Robert Samuelson has a column out about a major issue that none of the presidential candidates are talking about: that is, the aging of the the baby boomer population. The numbers are staggering:
The 2030 projections are daunting. To keep federal spending stable as a share of the economy would mean eliminating all defense spending and most other domestic programs (for research, homeland security, the environment, etc.). To balance the budget with existing programs at their present economic shares would require, depending on assumptions, tax increases of 30 percent to 50 percent — or budget deficits could quadruple. A final possibility: Cut retirement benefits by increasing eligibility ages, being less generous to wealthier retirees or trimming all payments.
I have long considered the looming entitlement crisis the most
important domestic issue, and have tried to make the case to big
government neoconservatives that if we don’t deal with this mess
now, our ability to spend money on defense will suffer. There is
even evidence that this has already
Samuelson suggests as the beginning of a solution that some
Warren Buffett-like figure sponsor a book in which 6 leading think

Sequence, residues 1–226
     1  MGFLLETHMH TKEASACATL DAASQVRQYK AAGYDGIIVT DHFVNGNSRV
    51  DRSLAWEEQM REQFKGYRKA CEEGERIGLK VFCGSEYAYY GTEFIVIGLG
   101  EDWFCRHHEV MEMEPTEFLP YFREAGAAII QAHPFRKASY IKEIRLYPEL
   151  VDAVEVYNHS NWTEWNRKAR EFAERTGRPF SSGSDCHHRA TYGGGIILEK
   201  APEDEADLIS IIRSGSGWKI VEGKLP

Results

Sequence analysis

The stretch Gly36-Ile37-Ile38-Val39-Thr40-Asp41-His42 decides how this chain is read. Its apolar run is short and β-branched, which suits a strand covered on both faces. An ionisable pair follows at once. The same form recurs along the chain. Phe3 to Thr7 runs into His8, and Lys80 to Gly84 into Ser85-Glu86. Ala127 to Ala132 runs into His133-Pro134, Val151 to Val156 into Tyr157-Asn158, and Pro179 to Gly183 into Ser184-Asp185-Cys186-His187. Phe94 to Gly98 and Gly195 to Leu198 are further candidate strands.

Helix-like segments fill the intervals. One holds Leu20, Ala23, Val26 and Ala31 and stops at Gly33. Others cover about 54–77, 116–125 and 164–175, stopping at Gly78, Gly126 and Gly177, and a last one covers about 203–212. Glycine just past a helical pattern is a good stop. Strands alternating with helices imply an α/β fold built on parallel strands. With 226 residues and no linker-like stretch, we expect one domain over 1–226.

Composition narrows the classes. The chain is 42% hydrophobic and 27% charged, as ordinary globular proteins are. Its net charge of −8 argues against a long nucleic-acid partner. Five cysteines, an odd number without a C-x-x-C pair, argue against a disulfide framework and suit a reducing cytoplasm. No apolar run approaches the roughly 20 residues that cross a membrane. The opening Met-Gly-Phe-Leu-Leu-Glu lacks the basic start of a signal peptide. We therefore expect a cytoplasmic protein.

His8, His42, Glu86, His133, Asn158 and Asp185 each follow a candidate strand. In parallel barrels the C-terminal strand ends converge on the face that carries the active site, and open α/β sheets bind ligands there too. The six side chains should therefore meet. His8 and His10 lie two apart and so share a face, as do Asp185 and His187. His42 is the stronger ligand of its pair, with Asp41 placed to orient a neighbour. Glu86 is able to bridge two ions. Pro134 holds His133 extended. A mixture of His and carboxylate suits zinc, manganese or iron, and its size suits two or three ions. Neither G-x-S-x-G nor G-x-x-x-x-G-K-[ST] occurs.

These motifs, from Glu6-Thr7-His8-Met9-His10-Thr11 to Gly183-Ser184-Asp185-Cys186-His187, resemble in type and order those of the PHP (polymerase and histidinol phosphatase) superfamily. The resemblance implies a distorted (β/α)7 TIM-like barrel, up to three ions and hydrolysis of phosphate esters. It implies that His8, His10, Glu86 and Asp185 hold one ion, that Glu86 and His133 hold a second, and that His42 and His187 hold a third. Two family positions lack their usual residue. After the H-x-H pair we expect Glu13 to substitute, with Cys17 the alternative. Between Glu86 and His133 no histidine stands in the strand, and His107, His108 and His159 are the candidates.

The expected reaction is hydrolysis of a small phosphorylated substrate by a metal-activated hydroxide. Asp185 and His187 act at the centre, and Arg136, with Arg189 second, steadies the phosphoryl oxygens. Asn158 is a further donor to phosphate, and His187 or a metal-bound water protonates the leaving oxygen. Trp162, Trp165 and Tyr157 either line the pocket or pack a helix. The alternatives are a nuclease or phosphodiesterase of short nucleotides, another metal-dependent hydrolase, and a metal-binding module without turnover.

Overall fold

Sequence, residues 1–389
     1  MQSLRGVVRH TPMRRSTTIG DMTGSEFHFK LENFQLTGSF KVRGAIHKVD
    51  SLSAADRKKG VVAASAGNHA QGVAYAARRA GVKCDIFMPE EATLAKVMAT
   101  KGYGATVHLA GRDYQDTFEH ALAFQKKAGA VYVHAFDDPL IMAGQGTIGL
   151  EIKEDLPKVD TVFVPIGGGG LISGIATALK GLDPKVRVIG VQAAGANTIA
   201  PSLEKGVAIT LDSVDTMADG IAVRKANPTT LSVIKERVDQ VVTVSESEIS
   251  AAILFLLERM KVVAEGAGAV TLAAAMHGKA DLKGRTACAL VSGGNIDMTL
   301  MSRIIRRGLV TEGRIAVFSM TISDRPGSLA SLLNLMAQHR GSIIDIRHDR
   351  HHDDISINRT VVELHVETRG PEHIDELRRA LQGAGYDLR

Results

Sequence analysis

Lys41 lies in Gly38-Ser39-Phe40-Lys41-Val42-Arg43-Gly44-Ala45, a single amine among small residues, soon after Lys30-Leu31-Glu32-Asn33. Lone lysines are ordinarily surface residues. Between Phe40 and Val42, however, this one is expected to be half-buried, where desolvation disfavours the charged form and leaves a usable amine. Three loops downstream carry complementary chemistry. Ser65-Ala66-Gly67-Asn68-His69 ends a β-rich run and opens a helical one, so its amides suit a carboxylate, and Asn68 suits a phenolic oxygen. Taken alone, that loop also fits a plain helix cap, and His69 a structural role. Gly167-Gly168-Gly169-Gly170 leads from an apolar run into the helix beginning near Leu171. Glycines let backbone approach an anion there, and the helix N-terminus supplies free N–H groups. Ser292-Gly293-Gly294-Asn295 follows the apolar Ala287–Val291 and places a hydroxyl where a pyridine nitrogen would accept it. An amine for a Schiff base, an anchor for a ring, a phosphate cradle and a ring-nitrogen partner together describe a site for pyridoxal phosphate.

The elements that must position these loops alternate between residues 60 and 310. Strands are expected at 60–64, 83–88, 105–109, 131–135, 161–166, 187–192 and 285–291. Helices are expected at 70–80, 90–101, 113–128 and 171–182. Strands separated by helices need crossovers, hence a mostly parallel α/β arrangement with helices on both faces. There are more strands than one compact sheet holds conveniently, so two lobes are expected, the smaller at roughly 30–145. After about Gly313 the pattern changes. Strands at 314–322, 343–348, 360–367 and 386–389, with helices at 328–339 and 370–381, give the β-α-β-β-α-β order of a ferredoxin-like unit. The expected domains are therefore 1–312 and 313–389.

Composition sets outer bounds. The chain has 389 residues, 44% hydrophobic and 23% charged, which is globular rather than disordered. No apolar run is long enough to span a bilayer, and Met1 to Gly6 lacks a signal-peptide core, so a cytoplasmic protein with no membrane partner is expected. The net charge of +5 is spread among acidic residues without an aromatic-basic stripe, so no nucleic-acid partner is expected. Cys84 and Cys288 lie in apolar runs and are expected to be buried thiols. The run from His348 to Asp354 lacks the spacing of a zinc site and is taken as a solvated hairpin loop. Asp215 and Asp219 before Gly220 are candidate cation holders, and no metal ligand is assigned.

tanks (three conservative and three liberal) offer their solutions,
with the goal of prodding the presidential candidates into talking
about it. Unfortunately, those of us who want action to resolve
this crisis are competing against human nature, which is always
focused on the short term. Once you talk about what is going to
happen in 2030, you lose the audience.
A man of faith in a godless age is hitting Americans where it hurts.
Mr. and Mrs. American Spectator Reader, let P.J. O’Rourke talk sense to your kids.
In Britain, defending your property can get you life.
It won’t take long for conservatives to scratch this presidential wannabe off their 2008 scorecard.
Was the President done in by the economy, or by the politics of the economy?